POP STAR — One of a very few women to have created her own Champagne house, the founder of Virginie T. has bubbly in the blood: Her father is a Taittinger, her mother a PiperHeidsieck. Having honed her skills working for the family business for 21 years, Virginie Taittinger launched her own label in 2008. Her house – which specializes in aged Champagne blended in a Premier and Grand Cru vineyard near Reims – has a refreshingly modern approach to sales. Bypassing conventional distributors, clients worldwide can order Virginie T. Brut directly from the website. The company offers free delivery within 48 hours to clients based in England, France, Germany, Luxembourg and Belgium. Just recently the speedy service was also introduced to Champagne enthusiasts in Switzerland and Hong Kong. –SD




2011: A Scotch Odyssey —

Space experiments have always captured our attention. From fruit flies in the 1940s to ESP in the 1970s, zero gravity’s myriad unknowns are precisely its appeal. So when Islay-based Scotch distiller Ardbeg had the opportunity to send its whisky to the International Space Station in 2011, it leapt (giantly) at the

chance. The vials returned to earth in the fall and are now in Houston under study for the effects of microgravity on maturation – but no need to go thirsty while you await the results. For those evenings under the stars, Ardbeg presents the Double Barrel, a pair of single cask 1974 whiskies along with tasting accoutrements for eight, set in a custom leather gun case (also suitable for holding a telescope). The reviews of this rare vintage Scotch? Out of this world. –NM



IN TRANSIT The latest and greatest in the world of automotive design. BY CHR IS CHILTO N — Borne of Jaguar Land Rover’s Special Operations division, the new SVAutobiography is the most powerful, luxurious production Range Rover yet. Recognizable by its striking two-tone paintwork, it features bespoke aluminum switchgear and electrically deployable folding tables. There’s yet more innovation in an unlikely location: the trunk. An additional pair of outwardfacing seats attach to the lowered trunk lid, perfect for watching polo. Features such as this “Event Seating” may be reserved for the flagship, but every model from the supercharged 3.0 up is enhanced for 2015, with optional blind-spot monitoring technology and standard puddle lamps that project the iconic Range Rover silhouette onto the ground from the door mirrors. Unchanged for 2015? The Range Rover’s unrivalled sense of occasion.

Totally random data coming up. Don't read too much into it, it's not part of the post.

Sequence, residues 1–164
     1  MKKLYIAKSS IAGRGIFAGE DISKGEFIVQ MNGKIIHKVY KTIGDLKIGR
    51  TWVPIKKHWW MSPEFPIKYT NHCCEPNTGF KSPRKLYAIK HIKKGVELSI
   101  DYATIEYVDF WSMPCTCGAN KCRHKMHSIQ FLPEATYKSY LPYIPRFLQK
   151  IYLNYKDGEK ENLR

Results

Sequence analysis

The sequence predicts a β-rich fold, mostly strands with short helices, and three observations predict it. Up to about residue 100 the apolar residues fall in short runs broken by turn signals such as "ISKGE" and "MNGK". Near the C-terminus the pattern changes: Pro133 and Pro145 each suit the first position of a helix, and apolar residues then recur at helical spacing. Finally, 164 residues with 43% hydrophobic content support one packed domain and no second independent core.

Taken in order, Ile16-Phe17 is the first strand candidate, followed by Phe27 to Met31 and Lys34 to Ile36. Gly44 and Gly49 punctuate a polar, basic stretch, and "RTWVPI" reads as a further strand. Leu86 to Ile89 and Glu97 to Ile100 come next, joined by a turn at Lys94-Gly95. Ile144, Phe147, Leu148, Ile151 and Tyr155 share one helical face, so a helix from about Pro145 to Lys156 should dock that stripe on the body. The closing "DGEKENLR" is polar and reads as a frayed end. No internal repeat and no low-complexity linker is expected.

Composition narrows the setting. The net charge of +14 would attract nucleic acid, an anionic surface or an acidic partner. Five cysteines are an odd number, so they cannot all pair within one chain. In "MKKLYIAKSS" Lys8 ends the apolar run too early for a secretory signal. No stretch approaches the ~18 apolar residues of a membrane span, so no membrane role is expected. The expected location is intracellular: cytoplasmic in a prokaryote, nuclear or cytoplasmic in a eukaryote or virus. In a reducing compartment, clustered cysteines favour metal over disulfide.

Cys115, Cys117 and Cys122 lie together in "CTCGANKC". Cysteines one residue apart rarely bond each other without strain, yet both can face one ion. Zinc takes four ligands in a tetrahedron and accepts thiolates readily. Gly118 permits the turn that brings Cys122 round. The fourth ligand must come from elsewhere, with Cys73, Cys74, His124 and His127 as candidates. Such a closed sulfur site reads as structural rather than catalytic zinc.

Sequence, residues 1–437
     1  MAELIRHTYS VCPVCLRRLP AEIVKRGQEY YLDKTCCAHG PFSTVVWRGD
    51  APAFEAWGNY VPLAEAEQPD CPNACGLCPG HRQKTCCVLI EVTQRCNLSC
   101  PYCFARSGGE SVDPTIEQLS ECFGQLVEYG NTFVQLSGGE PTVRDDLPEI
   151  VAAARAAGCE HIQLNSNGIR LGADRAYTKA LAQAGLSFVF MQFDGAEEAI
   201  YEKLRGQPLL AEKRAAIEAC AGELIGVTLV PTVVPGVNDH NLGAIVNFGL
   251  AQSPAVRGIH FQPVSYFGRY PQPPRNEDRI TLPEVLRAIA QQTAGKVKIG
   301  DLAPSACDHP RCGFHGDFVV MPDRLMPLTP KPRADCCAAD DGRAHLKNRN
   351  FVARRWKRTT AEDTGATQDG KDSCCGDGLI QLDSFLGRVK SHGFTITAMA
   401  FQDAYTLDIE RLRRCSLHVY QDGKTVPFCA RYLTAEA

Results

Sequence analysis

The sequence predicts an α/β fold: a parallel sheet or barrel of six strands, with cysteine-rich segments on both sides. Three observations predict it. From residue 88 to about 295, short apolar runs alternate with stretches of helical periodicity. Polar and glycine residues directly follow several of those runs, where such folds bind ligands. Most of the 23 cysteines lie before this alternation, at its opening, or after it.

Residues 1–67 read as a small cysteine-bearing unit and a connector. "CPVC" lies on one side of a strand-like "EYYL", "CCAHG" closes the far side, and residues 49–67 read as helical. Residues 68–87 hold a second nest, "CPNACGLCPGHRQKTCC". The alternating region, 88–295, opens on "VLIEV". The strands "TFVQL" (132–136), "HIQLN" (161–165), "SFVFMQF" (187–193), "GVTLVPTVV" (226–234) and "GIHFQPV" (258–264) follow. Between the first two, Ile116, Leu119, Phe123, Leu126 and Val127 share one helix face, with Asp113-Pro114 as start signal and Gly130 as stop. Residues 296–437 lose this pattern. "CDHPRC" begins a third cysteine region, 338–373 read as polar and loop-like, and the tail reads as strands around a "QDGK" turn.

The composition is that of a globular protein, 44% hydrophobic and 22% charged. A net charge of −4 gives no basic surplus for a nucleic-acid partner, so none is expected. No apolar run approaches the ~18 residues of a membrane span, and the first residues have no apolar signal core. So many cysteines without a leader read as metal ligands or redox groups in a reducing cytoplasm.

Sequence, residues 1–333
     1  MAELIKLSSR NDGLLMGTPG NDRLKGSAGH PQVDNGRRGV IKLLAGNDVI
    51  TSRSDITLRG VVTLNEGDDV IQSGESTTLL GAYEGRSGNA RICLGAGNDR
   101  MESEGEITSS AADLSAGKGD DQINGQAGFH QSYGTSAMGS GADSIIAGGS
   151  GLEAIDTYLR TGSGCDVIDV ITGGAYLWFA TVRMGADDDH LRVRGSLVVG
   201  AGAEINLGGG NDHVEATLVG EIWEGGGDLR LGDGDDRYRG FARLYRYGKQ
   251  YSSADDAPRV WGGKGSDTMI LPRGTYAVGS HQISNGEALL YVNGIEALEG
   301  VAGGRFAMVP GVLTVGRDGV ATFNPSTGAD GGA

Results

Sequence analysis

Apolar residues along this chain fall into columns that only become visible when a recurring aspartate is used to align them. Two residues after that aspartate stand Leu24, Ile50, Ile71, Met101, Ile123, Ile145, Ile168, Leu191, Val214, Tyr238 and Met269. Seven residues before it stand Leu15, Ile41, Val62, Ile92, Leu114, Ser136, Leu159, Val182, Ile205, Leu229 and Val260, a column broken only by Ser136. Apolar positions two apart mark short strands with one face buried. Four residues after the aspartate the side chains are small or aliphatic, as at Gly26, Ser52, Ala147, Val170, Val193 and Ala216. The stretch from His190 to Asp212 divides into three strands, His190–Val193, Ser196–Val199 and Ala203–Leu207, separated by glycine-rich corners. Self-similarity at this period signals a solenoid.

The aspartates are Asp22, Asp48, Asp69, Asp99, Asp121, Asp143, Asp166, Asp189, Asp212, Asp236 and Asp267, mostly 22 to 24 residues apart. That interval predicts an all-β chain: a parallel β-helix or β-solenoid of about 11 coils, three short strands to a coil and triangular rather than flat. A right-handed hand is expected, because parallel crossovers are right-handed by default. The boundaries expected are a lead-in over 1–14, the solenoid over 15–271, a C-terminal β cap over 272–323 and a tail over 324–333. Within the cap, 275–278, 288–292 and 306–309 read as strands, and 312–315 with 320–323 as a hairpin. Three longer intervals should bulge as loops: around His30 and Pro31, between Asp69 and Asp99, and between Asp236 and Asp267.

FAST TRACK — You might question the point of a car so extreme it can’t legally be used on any public road or entered into any race series, but the LaFerrari FXX K is less a car, more a 217-mph test bed for future technologies. The K stands for KERS, or Kinetic Energy Recovery System, which converts excess mechanical into electrical energy just like its Formula One brethren, then uses it to augment the 848-hp gasoline V12 for a total of 1036 hp, compared with just 950 hp for the standard road-going LaFerrari. It’s not merely the engineering that’s clever: The business case is, too. The select band of collectors paying for the car, and giving their feedback to Ferrari, are effectively underwriting a portion of the development time and costs for the next generation of slightly saner road-going Maranello supercars.

Luxury in Motion —

Once the preserve of science fiction stories, the driverless car is drawing close to production reality. But Mercedes’ latest autonomous vehicle concept is a world away from the basic 25-mph urban transportation promised by the Google car. Reiterating Mercedes boss Dieter Zetsche’s assertion that the automobile is morphing from mere transportation to a mobile

living space, the F 015 concept features a “loungelike ambience” and allows all four occupants to travel facing one another. Should the driver want to assume driving duties, he can spin his chair 180 degrees, and a steering wheel will emerge from the dashboard. The F 015 hints at what we might expect from the S-class sedan 15 years from now; the more immediate future of the luxury sedan is demonstrated in Mercedes’ relaunched Maybach sub-brand. The 2016 Maybach S600 features bespoke coachwork aft of the rear doors, providing maximum privacy for passengers who sit in a cabin claimed to be the quietest in the world. Experience




After propping up Russian and Soviet oil reserves for generations, Azerbaijan is finally a free agent and Baku its greatest strength. In recent years, the city has polished up its old walled center and transformed its skyline with groundbreaking architecture. This year’s unveiling of the seemingly light-as-air Baku National Stadium and next year’s F1 European Grand Prix herald Baku’s ascent to the world stage. BY E L L E N H IM EL FARB